By Tom Davidson
As I write this article, Nice sit in second place in Ligue 1. Although level on points with the leaders, Monaco, and with a three point advantage over Paris-Saint-Germain, manager Lucien Favre will feel that the weekend’s 0-0 draw with Metz was a crucial two points dropped as the club gives up the throne where it had made itself so comfortable this season.
Flashback to when Nice last won the league. It’s 1959. The previous year, a 17-year-old Pelé won the World Cup with Brazil, PSG didn’t even exist, and it’s 39 years prior to the birth of Mario Balotelli. Since then, the club suffered relegation twice before establishing itself as a consistently average, mid-table, Stoke City equivalent. With PSG crowned champions four years on the trot, Ligue 1 has become somewhat stale in recent years. However, in 2017, could Nice lead the revolution needed to revitalise French football?
Narrowly missing out on a podium finish last season, Nice’s rise has been more gradual than Leicester City’s momentous 5000-1 feat. Yet, after losing the skilful Hatem Ben Arfa to PSG and their manager, Claude Puel, to Southampton, the future seemed bleak for the club down on the French Riviera.
The arrival of new manager Favre brought a new lease of life to the team as the tactics were adapted to a more defensively sound set-up. The signing of Dante, the veteran Brazilian centre-half, has gifted the side with the experience and the commanding presence needed at the core of any successful starting XI. Reminiscent of the mammoth influence of the unlikely duo of Robert Huth and Wes Morgan in Leicester’s title-winning side, Dante’s no-nonsense defending has proven decisive in the numerous clean sheets Nice have kept in the first half of the season.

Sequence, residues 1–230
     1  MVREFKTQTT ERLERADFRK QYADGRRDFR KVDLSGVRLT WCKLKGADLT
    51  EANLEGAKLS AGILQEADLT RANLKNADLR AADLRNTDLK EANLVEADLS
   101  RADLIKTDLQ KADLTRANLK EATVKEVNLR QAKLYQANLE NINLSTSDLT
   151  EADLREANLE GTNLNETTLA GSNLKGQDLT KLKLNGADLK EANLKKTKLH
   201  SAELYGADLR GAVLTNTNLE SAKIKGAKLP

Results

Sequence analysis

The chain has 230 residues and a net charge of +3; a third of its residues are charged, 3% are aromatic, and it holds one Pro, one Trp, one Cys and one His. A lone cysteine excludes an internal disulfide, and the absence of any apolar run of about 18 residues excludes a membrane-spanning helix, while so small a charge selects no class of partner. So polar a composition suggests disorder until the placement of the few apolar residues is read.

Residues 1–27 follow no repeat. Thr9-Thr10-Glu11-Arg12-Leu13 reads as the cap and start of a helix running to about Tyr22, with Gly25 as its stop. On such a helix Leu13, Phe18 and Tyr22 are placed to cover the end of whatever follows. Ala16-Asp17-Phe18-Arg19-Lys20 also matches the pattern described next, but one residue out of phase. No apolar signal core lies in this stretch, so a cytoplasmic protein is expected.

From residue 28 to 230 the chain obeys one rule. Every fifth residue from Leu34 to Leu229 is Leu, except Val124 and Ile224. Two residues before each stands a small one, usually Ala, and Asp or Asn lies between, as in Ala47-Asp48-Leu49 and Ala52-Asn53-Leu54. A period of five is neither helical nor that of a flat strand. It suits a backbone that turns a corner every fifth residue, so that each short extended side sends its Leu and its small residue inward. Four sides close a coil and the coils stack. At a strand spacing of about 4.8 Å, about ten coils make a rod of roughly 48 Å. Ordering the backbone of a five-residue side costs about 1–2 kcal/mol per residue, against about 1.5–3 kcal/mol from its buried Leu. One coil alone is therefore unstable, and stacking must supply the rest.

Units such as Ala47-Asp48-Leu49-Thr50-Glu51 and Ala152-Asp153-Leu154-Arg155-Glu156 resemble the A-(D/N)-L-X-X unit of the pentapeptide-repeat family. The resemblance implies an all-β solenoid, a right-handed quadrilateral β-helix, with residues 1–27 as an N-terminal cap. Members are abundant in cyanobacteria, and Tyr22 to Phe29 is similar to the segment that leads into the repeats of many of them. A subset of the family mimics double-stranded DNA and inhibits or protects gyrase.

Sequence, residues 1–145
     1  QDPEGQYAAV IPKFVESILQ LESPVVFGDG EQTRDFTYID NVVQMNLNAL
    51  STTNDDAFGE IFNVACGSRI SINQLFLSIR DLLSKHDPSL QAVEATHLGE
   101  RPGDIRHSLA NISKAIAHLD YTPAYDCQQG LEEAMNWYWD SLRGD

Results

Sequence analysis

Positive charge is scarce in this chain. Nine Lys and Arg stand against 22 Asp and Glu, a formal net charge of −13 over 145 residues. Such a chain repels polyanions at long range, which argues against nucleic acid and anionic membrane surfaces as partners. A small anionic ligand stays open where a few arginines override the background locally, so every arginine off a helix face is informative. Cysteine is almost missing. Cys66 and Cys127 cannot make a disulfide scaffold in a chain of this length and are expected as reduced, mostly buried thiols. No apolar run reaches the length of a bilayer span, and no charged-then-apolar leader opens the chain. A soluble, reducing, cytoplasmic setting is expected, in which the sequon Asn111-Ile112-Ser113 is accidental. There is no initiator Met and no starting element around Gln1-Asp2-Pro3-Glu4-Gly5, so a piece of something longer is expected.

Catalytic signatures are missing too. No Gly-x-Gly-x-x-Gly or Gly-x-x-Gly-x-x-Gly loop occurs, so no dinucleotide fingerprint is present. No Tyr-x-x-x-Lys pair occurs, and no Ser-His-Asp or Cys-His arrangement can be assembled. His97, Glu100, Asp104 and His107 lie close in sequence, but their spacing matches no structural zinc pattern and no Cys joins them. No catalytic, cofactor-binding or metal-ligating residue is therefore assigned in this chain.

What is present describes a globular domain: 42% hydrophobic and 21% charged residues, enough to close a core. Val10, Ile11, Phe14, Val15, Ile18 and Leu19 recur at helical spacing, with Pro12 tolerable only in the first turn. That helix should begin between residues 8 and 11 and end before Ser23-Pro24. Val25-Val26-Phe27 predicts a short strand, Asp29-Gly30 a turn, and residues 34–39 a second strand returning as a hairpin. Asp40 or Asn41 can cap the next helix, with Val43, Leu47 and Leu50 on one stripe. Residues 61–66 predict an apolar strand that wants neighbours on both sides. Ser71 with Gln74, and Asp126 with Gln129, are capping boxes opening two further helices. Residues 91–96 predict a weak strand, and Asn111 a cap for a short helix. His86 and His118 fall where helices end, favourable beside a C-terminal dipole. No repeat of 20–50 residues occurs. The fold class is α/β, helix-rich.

Bolstering the defence, however, did not mean compromising on attacking options for Favre’s side. Mario Balotelli joined Nice on a free transfer on deadline day in the summer. On his debut, the charismatic Italian netted twice to ensure his team’s victory over Marseille. Balotelli then struck another brace past Monaco, bringing his tally up to four goals in only two appearances wearing a Nice shirt. The sword-fighting, dart-throwing, karate-kicking, firework enthusiast really seems to have changed his ways down on the South coast.
The rest of the team, devoid of household names, flaunts a plethora of home-grown talent and promising youngsters who add energy and excitement to counter-attacking football.
With Nice’s squad estimated to be worth only a fraction of the price of that of PSG and Monaco, the club are proving that you don’t need an extortionate budget to battle with the big guns. A solid backline, energetic play and Super Mario’s flair have made up the secret formula for Nice this season.
It’s been almost 60 years since Nice were champions of France. Can they defy the odds and triumph like the Foxes last year? Who knows? As a neutral, it’s just ‘Nice’ to see competitiveness return to an otherwise uncontested Ligue 1.
Photograph: Nazionale Calcio (Flickr)